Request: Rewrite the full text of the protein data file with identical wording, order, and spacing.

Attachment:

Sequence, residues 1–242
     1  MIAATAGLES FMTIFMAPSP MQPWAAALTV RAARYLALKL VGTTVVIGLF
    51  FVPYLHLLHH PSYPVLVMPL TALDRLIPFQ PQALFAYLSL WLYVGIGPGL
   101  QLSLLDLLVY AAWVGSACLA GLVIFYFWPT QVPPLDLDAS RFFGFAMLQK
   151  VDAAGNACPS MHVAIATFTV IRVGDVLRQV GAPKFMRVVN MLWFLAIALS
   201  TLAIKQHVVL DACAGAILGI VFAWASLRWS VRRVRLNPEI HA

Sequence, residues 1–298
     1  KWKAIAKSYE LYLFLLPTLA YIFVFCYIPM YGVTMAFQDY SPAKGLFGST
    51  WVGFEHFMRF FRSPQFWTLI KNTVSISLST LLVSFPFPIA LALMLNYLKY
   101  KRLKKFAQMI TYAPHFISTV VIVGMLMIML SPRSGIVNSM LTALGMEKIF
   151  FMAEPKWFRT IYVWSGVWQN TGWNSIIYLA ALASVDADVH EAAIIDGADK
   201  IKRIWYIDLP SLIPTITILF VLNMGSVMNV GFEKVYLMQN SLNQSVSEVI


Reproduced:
Sequence, residues 1–242
     1  MIAATAGLES FMTIFMAPSP MQPWAAALTV RAARYLALKL VGTTVVIGLF
    51  FVPYLHLLHH PSYPVLVMPL TALDRLIPFQ PQALFAYLSL WLYVGIGPGL
   101  QLSLLDLLVY AAWVGSACLA GLVIFYFWPT QVPPLDLDAS RFFGFAMLQK
   151  VDAAGNACPS MHVAIATFTV IRVGDVLRQV GAPKFMRVVN MLWFLAIALS
   201  TLAIKQHVVL DACAGAILGI VFAWASLRWS VRRVRLNPEI HA

Sequence, residues 1–298
     1  KWKAIAKSYE LYLFLLPTLA YIFVFCYIPM YGVTMAFQDY SPAKGLFGST
    51  WVGFEHFMRF FRSPQFWTLI KNTVSISLST LLVSFPFPIA LALMLNYLKY
   101  KRLKKFAQMI TYAPHFISTV VIVGMLMIML SPRSGIVNSM LTALGMEKIF
   151  FMAEPKWFRT IYVWSGVWQN TGWNSIIYLA ALASVDADVH EAAIIDGADK
   201  IKRIWYIDLP SLIPTITILF VLNMGSVMNV GFEKVYLMQN SLNQSVSEVI